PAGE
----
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02/11/2014

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REPORTABLE
IN THE SUPREME COURT OF INDIACIVIL APPELLATE JURISDICTION
CIVIL APPEAL NO. 730 OF 2004
K.K. PoonachaAppellantVersusState of Karnataka and othersRespondentsWith
CIVIL APPEAL NO.737 of 2004CIVIL APPEAL NO.738 of 2004CIVIL APPEAL NOS.739-746 of 2004CIVIL APPEAL NOS.747-752 of 2004J U D G M E N TG.S. SINGHVI, J.
1.Whether the Bangalore Development Authority Act, 1976 (for short,“the 1976 Act”) is liable to be declared void on the ground that the same was
1
 
not reserved for the consideration of the President and did not receive hisassent as per the requirement of Article 31(3) of the Constitution is thequestion that arises for consideration in these appeals filed against the judgments of the Division Bench of Karnataka High Court which upheld theorder of the learned Single Judge declining to interfere with the acquisitionof the appellants’ land. 2.Although, the above noted question was considered and answered innegative by three-Judge Bench in
Bondu Ramaswamy v. BangaloreDevelopment Authority and others
(2010) 5 SCALE 70, Shri DushyantDave, learned senior counsel appearing for the appellants argued that theissue needs reconsideration because the three-Judge Bench solely reliedupon the judgment of the Constitution Bench in
M.P.V. Sundararamierand Company v. The State of Andhra Pradesh
1958 SCR 1422 but didnot deal with the other Constitution Bench judgments in
Deep Chand v.The State of Uttar Pradesh and others
(1959) Supp. 2 SCR 8,
MahantSankarshan Ramanuja Das Goswami etc.
 
v. The State of Orissa andanother
(1962) 3 SCR 250 and
Jawaharmal v. State of Rajasthan andothers
(1966) 1 SCR 890, which according to the learned senior counsel laydown that any law enacted by the Legislature in violation of the provisions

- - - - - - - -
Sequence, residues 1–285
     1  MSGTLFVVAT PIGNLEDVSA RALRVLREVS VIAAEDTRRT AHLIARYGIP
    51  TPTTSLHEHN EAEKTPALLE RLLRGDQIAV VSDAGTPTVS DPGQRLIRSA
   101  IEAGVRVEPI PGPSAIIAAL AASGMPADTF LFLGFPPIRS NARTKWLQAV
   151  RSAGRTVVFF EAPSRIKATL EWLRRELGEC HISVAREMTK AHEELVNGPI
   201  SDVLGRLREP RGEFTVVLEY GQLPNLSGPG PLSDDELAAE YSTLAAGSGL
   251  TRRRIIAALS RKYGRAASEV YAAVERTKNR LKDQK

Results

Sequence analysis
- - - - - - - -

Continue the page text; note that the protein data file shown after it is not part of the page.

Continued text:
2
 
contained in Part III of the Constitution is void. Shri Dave submitted thatArticle 31(3), which was in existence at the time of enactment of the 1976Act postulated that any law made by the Legislature of a State focompulsory acquisition/requisition of the property shall not be effectiveunless such law is reserved for consideration of the President and hasreceived his assent and as the 1976 Act was not even sent to the Presidentfor his consideration, the same remained still-born, invalid and inoperativeand did not become valid merely because Article 31(3) was repealed witheffect from 20.6.1979. Shri Dave emphasized that the provision contained inArticle 31(3) was mandatory and non compliance thereof had the effect of rendering the legislation enacted by the State for acquisition/requisition of land void from its inception. In support of his arguments, the learned senior counsel relied upon the Constitution Bench judgments of this Court in
Behram Khurshed Pesikaka v. The State of Bombay
(1955) 1 SCR 613,
Saghir Ahmad v. The State of U.P. and others
(1955) 1 SCR 707,
DeepChand v. The State of Uttar Pradesh and others
(supra),
Mahendra LalJaini v. The State of U.P.
(1963) Supp. 1 SCR 912,
Mahant SankarshanRamanuja Das Goswami etc.
 
v. The State of Orissa and another
(supra)and
Jawaharmal v. State of Rajasthan and others
(supra). Learned senior counsel further argued that the judgment of two-Judge Bench in